Heads of State, policymakers, scientists, advocates and private sector leaders will come together for the first time this month to explore how the AIDS response can be used to shape the future of global health in a United Nations-led meeting in Lilongwe, Malawi.
Organized in conjunction with the Lancet medical journal, the UNAIDS and Lancet Commission: from AIDS to Sustainable Health, will give over 30 commissioners the opportunity to work together to address HIV and global health in the context of the post-2015 development agenda.
“This is the first time that such a diverse group of experts has been brought together for frank discussions about the future of global health,” said Michel Sidibé, the Executive Director of the Joint UN Programme on HIV/AIDS (UNAIDS).
“We will be encouraging them to think about what will it take to reach the end of AIDS; how the AIDS response can serve as a transformative force in our approach to global health; and how to modernize the global AIDS architecture for a more equitable, effective and sustainable future for global health.”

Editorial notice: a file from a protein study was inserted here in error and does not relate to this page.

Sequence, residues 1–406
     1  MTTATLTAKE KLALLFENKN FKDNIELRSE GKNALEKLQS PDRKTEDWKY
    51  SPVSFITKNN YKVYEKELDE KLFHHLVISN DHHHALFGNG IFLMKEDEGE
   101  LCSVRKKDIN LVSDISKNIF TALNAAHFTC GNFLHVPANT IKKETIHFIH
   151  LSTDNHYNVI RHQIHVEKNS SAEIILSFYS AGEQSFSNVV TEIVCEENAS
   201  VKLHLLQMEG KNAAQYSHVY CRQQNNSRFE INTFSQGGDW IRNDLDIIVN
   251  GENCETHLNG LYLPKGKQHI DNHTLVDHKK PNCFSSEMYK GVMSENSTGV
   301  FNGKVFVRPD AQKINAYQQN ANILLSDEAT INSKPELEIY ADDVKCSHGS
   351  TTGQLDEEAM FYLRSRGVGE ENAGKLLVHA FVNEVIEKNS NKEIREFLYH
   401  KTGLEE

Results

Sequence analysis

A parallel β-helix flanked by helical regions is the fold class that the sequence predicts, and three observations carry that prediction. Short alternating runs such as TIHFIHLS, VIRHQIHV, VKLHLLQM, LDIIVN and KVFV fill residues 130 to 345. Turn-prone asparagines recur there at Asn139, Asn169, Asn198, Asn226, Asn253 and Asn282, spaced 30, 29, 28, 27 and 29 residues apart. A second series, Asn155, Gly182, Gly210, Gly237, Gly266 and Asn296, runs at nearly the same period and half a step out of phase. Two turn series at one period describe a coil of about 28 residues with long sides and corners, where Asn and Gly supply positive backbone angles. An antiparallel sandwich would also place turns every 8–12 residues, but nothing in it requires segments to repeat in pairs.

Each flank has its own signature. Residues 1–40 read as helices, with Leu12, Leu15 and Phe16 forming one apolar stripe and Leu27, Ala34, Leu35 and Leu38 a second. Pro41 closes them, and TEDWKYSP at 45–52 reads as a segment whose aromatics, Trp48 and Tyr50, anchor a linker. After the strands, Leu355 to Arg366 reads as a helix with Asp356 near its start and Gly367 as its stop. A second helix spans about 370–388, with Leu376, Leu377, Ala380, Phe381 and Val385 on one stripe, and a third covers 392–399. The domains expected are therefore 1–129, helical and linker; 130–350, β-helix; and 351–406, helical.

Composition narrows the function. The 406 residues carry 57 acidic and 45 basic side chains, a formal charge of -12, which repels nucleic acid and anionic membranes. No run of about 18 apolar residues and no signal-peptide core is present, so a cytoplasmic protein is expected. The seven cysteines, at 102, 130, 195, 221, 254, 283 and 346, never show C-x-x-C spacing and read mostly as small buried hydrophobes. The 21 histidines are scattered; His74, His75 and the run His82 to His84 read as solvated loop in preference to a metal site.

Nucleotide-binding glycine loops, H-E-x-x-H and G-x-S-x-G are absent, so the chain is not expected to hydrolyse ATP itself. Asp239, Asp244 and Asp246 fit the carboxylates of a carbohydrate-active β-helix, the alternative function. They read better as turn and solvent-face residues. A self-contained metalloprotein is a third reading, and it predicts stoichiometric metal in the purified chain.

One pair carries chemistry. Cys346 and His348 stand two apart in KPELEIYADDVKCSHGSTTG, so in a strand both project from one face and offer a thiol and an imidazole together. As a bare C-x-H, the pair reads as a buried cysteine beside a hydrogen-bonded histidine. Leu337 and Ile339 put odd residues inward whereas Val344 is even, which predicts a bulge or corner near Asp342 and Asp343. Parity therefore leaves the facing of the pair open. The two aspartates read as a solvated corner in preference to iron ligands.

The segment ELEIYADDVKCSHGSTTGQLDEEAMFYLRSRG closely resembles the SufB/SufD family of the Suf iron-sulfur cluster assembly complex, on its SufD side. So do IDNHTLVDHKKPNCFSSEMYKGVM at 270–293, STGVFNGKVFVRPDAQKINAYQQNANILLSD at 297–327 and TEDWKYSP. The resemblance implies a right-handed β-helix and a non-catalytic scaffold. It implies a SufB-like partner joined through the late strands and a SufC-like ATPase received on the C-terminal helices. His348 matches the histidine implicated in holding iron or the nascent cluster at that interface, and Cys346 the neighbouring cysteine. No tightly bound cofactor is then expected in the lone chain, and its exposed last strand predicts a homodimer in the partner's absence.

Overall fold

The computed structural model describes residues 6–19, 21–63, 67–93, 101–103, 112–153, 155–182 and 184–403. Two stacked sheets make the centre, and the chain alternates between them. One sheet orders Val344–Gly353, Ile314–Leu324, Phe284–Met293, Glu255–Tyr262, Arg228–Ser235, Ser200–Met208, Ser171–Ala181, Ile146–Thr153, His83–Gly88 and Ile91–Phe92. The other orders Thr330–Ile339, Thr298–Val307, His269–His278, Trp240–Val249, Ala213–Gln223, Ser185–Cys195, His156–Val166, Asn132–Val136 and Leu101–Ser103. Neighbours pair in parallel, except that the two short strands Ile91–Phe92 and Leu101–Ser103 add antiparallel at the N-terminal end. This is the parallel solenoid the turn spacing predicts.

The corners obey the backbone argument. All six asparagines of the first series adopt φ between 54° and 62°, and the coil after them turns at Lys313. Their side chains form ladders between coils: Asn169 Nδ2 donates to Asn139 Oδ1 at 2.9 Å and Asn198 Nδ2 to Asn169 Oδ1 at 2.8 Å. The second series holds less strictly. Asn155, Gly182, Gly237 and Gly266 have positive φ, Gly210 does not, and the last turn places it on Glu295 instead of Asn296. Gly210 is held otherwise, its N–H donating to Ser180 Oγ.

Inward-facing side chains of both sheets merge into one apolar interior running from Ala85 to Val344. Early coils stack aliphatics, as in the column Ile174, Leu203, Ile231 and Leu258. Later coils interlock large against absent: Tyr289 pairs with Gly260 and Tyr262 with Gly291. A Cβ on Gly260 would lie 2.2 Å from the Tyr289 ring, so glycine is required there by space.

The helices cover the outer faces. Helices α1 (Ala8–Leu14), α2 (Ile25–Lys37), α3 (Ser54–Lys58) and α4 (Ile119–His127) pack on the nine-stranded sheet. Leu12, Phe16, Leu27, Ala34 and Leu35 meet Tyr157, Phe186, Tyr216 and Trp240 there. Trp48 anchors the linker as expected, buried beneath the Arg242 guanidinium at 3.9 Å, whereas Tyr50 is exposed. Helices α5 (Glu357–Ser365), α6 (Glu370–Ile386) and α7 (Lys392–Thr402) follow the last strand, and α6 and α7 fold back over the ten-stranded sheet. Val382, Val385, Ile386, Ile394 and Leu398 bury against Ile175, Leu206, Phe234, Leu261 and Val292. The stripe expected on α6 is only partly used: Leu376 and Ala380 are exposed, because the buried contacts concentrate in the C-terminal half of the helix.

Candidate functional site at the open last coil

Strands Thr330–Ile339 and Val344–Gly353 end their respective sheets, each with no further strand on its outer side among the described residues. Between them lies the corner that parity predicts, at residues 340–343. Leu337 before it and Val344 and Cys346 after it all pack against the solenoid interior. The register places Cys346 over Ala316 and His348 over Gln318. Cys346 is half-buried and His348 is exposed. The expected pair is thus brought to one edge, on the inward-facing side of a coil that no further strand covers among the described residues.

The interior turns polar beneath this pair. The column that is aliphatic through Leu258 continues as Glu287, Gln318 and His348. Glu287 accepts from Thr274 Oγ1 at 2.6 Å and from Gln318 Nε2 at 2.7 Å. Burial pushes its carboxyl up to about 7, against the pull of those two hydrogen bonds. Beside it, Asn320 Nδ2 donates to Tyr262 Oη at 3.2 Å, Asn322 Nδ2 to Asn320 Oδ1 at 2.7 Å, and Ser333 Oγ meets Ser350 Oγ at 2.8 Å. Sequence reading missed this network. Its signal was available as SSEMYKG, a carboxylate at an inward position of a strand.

During the meeting, which will be held on 28-29 June, the commissioners will be encouraged to engage in informal dialogue, and will begin extracting the lessons learnt from the AIDS response to be used in the transformation of global health and development in the post-2015 debate.
A high-level roadmap for the continued work of the Commission will be developed, as well as a preliminary version of the Commission report. A draft of the report will be considered in the second and final meeting of the Commission at the beginning of 2014, UNAIDS said in a press release.
The Commission is co-chaired by Malawi President Joyce Banda, African Union Commission Chairperson Nkosazana Dlamini Zuma and London School of Hygiene and Tropical Medicine Director, Peter Piot. Its aim is to catalyse expertise and political momentum to shape the debate on the future of health in the post-2015 development agenda and accelerate progress towards the end of AIDS.